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What were the

of British rule in

The Company at the beginning of

the eighteenth century

Company Structure:

Approx. 3,000 shareholders subscribed to a stock of 3,200,000

20-30 ships sent to Asia each year
Annual sales in London worth up to 2 million
Run by 24 directors (elected annually by shareholders)

Key exports:
Saltpetre (for gunpowder)

Trading with Asia high-risk and high-cost.

Trading Companies could raise large sums of money on a
permanent basis, allowing them to spread risk among a corporate
body of investors and to pursue long-term commercial strategies.
The companies projected their huge outlays by maintaining close
links with their parent states. (P. J. Marshall. The Oxford History of
the British Empire p.488)

The structure of the English Company at

the beginning of the eighteenth century
By the 1750s the Company held 3 main trading
stations in India:

Independently managed through presidents and

councils, reporting separately to the British
Each responsible for its own internal management
and defence.
Average sailing time from England = 6 months. So
initiative left to men in India.

The structure of the French Company at

the beginning of the eighteenth century
French La Compagnie franaise des Indes
orientales held 2 main trading stations:

French Company (founded 1664) closely

connected with home government.
Deep in debt to the crown and so at its mercy.
French hoped to entrench Company within the
Indian political system.

The Companys relationship to

Indian politics and economy
Throughout the c.17th and c.18th the Company operated within
an Indian commercial and political system.
Only at sea or in dealing with small-scale Asian regimes could
Europeans hope to impose their own terms. (Marshall, p.489)
Company didnt have the power or inclination to challenge large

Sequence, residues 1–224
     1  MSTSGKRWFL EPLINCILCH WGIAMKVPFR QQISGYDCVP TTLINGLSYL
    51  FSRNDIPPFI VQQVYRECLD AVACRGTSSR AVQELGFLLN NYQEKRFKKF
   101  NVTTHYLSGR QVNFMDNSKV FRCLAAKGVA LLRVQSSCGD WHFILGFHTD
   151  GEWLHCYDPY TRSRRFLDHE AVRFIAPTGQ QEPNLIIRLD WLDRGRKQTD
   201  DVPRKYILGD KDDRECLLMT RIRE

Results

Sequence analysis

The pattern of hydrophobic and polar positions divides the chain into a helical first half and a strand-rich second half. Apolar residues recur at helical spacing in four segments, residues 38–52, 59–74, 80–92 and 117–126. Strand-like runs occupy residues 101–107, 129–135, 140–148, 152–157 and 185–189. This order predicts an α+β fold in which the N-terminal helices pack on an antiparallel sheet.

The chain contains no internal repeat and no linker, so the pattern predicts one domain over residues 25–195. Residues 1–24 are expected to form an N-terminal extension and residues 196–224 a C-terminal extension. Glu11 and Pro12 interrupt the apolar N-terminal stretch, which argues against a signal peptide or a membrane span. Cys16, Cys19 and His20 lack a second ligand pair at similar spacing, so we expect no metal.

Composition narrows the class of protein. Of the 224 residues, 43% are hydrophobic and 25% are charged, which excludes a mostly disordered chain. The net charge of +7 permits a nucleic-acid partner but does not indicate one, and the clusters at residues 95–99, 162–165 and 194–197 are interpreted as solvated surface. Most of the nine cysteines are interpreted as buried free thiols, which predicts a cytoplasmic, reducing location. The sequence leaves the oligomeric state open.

Indian powers few commercial rewards.
European merchants accommodated themselves with Indian
rulers and were offered protection in return for bringing trade to
the region.
The Company's trade was built on a sophisticated Indian
economy. During the seventeenth century the effective rule
maintained by the Mughal emperors provided a secure
framework for trade.
The British only started to intervene in Indian politics in the

British intervention in regional

Indian politics
Mughal empire disintegrating and replaced by regional
Earlier interpretations this produced a situation of anarchy and
More recent views no overall economic decline and some of
the regional states maintained stable rule

Conflicts within new states contestants for power

willing to seek European support.
Rivalry between British and French in India. Allied with
opposing regional political factions.
Private ambitions great personal rewards for European
King-makers. e.g. Robert Clive.

The shift from the Company as traders

to rulers

Amal Chatterjee identifies 3 parts in the period 1740-1840:

1740-1760 : the Company became involved in local politics, establishing Company
power in Bengal.
1760-1800 : a period of concerted military activity. Company run by soldiers who
then became administrators.
1800-1840 : power was transferred to civil administrators.

The Company controlled a large amount of land in India so had to submit to

increasingly close supervision by the British state. Periodical inquiries by
Regions where the Company had helped rulers gain their control, many of its
servants became administrators in the new British regimes.
Huge armies created, largely composed of Indian sepoys. Used to defend
Company territories, coerce neighbouring Indian states and crush potential
internal resistance.
Why change in British rule?
French aggression forced the peaceful British into action?
British as more assertive? New ambitions of the Company and its leading figures.
Hostilities between French and British exploiting weaknesses in the Indian political

Maps showing British territory in

the late eighteenth century


1756 relations between the Company and the Nawab of Bengal